A look at the Defence news 5 June - 12 June
Gaining new insight into the threat posed by improvised explosive devices (IEDs) and intensifying collaboration to counter it was central to the counter-IED information day held at the National Military Museum in Soest on 9 June. As recent attacks in Europe have made clear, the threat from IEDs does not only affect military personnel on missions.
Working together to counter IEDs
The Defence Counter-IED Centre of Expertise wants to share knowledge and join forces. A range of speakers provided insight into the developments in their field. Major Jaap van Gelder, head of the Prepare the Force agency, spoke to the around 80 participants about the mission area in Mali. The number of civilian victims of IED attacks in the West African country is rising, as is the IED threat. Mr Geert Pattyn, Chief Superintendent of the Belgian Federal Police, spoke about the changes that have been made to the procedures for crisis situations since the attacks of 22 March 2016. The knowledge of the Belgium Explosive Ordnance Disposal Service will also be shared with a wider audience.
Raid of Chatham
“As our king Charles II said at the time, ‘Don’t fight the Dutch, imitate them,’” quoted British First Sea Lord Admiral Sir Philip Jones during the commemoration of the Raid of Chatham. “This led,” he continued, “to a period of reconstruction and two centuries of British dominance of the world’s oceans.” This sore defeat worked as a wake-up call for the English naval forces.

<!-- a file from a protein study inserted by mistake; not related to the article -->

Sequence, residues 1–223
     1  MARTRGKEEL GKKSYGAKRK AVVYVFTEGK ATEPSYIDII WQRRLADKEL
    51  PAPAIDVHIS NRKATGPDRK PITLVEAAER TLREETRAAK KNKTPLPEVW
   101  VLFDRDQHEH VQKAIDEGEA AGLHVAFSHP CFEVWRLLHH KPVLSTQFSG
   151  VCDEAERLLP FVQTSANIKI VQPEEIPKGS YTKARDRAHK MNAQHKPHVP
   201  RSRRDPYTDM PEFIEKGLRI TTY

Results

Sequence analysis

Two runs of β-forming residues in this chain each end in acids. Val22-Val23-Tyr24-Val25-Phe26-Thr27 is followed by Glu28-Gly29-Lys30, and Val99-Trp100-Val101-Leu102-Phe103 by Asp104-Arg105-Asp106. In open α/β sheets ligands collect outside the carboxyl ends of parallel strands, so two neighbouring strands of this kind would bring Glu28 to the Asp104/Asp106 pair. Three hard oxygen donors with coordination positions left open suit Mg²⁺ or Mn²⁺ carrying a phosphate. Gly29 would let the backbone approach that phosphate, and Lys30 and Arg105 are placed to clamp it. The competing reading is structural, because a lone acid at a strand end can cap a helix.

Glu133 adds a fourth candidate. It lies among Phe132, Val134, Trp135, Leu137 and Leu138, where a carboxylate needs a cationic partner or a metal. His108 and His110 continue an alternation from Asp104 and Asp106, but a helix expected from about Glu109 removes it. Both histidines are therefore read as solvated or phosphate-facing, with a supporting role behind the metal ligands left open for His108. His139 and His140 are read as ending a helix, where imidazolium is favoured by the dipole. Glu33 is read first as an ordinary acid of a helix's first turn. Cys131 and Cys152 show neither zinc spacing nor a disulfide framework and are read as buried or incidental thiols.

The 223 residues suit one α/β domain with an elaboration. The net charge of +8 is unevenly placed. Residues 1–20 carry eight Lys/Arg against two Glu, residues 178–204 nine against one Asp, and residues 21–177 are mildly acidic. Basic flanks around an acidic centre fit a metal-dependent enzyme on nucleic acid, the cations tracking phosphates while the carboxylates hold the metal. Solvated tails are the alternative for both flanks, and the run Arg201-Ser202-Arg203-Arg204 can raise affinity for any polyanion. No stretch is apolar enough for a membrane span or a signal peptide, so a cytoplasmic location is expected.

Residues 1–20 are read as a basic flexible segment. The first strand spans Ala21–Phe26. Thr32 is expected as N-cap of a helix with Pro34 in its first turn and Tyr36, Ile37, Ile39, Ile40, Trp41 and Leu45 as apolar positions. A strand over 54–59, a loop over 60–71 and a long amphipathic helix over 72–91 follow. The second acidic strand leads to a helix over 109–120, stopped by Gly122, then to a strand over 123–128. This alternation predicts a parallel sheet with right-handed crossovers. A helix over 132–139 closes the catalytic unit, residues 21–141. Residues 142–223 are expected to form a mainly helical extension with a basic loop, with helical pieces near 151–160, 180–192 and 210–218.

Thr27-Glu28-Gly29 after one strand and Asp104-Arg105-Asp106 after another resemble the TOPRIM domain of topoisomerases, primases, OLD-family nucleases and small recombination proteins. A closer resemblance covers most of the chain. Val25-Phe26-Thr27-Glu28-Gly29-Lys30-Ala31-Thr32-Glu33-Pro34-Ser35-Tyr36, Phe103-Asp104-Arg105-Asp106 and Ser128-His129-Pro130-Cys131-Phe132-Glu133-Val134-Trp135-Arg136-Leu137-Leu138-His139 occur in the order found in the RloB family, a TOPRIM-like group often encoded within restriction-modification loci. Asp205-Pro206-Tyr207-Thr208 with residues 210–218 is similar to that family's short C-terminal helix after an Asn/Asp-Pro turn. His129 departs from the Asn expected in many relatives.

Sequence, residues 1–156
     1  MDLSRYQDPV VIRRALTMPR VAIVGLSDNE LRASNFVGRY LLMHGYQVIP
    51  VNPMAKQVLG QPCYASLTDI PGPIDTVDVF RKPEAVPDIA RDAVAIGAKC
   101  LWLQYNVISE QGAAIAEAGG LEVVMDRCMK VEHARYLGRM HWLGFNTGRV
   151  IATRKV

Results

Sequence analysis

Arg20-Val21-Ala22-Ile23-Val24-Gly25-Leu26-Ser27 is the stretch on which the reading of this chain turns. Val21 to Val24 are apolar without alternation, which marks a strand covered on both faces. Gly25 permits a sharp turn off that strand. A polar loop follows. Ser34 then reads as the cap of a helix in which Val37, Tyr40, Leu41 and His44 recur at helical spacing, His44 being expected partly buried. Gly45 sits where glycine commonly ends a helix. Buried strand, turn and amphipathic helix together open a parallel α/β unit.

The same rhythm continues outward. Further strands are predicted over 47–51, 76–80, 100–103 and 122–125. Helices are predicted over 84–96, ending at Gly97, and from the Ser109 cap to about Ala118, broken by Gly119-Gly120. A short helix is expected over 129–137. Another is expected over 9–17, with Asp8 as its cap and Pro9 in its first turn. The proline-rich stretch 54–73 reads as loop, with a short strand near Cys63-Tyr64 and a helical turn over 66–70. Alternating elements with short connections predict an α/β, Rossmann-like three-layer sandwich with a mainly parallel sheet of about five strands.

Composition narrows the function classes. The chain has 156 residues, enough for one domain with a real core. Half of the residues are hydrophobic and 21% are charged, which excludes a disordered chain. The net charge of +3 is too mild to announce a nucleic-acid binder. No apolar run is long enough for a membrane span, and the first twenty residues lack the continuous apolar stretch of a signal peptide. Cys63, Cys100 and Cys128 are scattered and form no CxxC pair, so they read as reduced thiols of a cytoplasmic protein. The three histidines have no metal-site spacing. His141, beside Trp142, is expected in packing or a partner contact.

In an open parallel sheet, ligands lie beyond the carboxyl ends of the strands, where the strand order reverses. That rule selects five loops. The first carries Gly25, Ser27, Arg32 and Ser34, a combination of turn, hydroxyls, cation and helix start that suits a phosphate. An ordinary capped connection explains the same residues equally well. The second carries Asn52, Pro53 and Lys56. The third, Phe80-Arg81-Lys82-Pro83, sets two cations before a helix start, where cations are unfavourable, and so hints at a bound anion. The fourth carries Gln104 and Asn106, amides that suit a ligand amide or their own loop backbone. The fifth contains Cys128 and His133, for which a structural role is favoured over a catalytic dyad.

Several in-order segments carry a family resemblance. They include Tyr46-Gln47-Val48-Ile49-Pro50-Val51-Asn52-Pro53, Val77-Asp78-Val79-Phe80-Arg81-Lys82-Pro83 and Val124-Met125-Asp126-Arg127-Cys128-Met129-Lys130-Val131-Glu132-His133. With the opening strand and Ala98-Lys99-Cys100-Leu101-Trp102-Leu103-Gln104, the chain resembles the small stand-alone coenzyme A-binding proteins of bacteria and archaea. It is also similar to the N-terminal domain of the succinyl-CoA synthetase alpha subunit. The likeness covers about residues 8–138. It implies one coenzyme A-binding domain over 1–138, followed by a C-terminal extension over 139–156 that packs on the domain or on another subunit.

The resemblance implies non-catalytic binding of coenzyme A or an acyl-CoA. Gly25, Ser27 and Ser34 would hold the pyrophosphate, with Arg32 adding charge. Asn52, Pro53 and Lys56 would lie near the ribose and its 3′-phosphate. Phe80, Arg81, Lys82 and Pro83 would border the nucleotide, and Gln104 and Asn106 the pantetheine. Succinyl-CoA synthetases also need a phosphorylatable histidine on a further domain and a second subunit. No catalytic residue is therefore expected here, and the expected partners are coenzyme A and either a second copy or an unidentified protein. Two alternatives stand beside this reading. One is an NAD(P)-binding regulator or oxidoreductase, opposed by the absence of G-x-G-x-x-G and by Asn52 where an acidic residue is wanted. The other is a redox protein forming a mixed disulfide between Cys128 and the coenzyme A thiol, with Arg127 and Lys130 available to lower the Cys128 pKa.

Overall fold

In Chatham yesterday, the Royal British Navy and the Royal Netherlands Navy marked the occasion 350 years ago when a Dutch fleet wreaked havoc at this seaport in the south of England. The fleet was under the leadership of Michiel de Ruyter. During a daring action in June 1667, the fleet broke the defensive chain across the Medway and destroyed and captured parts of the English fleet.
The Commander of the Royal Netherlands Navy Lieutenant General (Marines) Rob Verkerk spoke of his pride of “this first integrated operation of the fleet and the Marine Corps,” saying he now saw the chain – once intended to keep out the Dutch – as a symbol of joint defence and long-term collaboration.